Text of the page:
The reason behind the severe toxicity of anti-cancer drugs lies in their low selectivity. Aiming at killing cancer cells, the drugs also massively destroy normal cells and impede the growth of new healthy cells. Thus come the tragic sufferings very often seen in the oncology wards. The current cancer drugs attempt to cure the patients while kill them at the same time. The solution, then, lies in finding a new way of targeting cancer cells with minimal harm to normal cells.


Full Article here.



Quote:
Part II

C-src is short for c-src tyrosine kinase. Kinase is a type of enzyme that removes a part (phosphate group) of the molecule (ATP) that is required for every energy-expending process in the body, and attaches it to a specific amino acid (tyrosine, threonine or serine) of a protein (substrate). C-src belongs to a family of kinases called the Src tyrosine kinase.

C-src stimulates the pathways that induce cell growth, generate new blood vessels, prevent cell suicide, and give cells ability to migrate1,2 all necessary to give rise to proliferation of invasive cancer cells. When there is a mutation to the gene that encodes c-src, mutant c-srcs produced could mimic the functions of the normal signal transduction c-srcs.3 When there is over or mis-expression of the said gene, too many normal c-srcs would be produced. In both cases, it is like stepping on a gas pedal of a car. Once the aforementioned abnormality is coupled with the loss of tumor suppressor gene functions,4 it is like additional loss of the brake of a car, and the car takes off and wreaks havoc.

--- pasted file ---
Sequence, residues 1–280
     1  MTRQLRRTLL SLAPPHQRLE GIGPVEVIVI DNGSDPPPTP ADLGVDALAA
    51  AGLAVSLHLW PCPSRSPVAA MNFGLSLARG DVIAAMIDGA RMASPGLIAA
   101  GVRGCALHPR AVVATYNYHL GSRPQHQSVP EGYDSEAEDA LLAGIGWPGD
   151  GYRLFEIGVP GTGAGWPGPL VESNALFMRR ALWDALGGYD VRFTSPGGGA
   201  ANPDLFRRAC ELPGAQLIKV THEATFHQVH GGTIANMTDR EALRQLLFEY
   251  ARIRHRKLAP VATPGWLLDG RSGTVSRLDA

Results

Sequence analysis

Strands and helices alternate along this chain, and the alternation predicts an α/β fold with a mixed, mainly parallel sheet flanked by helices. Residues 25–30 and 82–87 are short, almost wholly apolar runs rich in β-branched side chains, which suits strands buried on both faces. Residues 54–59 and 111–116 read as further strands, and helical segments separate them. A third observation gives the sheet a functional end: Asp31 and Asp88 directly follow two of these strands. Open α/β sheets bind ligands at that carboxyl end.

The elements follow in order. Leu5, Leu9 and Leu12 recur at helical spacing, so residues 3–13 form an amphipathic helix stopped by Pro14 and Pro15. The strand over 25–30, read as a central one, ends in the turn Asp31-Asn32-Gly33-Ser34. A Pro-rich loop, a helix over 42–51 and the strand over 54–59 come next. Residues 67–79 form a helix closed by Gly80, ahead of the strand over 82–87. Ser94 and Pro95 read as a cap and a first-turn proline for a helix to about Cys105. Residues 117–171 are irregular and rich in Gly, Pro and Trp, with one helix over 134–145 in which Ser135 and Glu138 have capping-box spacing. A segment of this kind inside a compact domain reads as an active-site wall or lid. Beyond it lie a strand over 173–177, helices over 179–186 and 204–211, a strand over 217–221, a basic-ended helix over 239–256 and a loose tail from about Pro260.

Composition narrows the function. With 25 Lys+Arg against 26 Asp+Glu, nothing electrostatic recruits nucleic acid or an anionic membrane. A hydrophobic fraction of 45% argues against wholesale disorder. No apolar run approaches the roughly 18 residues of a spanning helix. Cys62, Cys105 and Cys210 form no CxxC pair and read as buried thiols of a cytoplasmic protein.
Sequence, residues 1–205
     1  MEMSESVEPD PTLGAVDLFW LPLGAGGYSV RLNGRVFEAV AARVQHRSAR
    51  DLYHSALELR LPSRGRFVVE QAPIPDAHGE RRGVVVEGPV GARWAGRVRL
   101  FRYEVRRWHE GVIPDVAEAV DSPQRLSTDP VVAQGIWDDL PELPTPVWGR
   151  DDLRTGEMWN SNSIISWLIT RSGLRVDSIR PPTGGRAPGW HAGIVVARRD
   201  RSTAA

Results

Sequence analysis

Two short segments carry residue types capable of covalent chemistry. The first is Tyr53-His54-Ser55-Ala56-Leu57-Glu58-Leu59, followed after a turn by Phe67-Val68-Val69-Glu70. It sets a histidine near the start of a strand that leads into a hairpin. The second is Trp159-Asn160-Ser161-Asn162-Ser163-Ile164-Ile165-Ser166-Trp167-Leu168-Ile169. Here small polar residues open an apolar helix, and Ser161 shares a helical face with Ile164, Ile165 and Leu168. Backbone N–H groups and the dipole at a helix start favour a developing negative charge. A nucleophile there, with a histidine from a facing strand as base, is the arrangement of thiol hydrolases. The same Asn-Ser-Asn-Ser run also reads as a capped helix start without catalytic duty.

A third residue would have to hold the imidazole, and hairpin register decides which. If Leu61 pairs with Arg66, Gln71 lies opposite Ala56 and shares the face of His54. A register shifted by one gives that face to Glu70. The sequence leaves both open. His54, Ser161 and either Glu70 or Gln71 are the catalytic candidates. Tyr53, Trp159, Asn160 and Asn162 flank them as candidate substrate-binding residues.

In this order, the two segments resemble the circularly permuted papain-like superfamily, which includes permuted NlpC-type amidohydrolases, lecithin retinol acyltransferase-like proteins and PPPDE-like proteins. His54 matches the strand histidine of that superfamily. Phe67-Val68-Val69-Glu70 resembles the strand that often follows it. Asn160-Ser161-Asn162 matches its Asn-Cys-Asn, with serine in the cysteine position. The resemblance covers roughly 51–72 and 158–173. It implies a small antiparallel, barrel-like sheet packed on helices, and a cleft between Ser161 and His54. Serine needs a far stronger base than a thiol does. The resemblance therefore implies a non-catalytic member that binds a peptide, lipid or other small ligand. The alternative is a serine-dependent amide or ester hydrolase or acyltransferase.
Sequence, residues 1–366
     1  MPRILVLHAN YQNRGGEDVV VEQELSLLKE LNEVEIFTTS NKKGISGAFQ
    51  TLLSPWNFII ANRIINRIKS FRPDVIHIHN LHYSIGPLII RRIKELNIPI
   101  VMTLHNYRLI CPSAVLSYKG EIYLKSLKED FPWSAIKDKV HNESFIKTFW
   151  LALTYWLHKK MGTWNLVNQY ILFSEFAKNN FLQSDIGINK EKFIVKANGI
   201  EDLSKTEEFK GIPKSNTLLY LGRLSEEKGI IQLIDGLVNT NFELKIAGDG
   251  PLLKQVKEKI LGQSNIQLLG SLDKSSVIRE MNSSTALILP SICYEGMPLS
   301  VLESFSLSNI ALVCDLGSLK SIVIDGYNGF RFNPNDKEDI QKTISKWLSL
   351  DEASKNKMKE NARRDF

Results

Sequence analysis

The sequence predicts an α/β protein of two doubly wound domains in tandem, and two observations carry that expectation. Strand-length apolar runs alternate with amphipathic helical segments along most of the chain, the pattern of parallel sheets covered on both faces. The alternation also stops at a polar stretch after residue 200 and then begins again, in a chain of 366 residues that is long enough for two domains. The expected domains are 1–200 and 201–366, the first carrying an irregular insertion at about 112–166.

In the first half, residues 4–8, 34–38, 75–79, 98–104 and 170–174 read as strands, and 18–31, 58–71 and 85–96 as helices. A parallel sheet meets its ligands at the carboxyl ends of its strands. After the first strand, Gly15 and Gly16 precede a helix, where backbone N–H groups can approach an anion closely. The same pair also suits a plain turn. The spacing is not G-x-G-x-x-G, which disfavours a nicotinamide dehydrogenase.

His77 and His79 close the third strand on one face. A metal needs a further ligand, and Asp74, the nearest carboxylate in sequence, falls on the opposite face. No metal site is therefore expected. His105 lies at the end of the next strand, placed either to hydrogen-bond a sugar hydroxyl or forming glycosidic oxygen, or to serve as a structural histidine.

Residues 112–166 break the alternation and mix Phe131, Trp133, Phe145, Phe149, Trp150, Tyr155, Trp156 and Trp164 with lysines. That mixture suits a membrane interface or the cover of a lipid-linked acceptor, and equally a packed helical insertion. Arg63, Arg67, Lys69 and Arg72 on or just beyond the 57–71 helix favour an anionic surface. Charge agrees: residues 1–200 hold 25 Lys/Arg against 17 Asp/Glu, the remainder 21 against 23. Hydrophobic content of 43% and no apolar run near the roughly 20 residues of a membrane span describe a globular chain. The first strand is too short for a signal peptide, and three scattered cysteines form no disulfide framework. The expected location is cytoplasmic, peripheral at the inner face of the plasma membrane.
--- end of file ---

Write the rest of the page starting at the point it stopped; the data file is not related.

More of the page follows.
Full Article: here.
Adding a completely new way to fold, directly in the browser.
King_N
[H]ard|Folding Administrator


Posts: 103
Points: 2,847,566
Work Units: 6,669

Posted: Thu Feb 27, 2014 08:49 am
Stanford is working on a new way to run F@H through a browser.

Quote:
Through a collaboration with Google, the Huang lab at UST Hong Kong, and the Pande Lab at Stanford University, we’ve been working on a new way to run Folding@home –– through the browser. The primary goal here is to make folding much easier to run, especially for non-expert computer users.

Open beta. We are happy to announce that we now ready to release a first open beta test of the web client. It uses Google’s Native Client (aka NaCl) technology, allowing one to run Folding@home in a browser.


Full Article here.

Revised plans for BigAdv (BA) experiment.
King_N
[H]ard|Folding Administrator


Posts: 103
Points: 2,847,566
Work Units: 6,669

Posted: Tue Jan 28, 2014 09:47 pm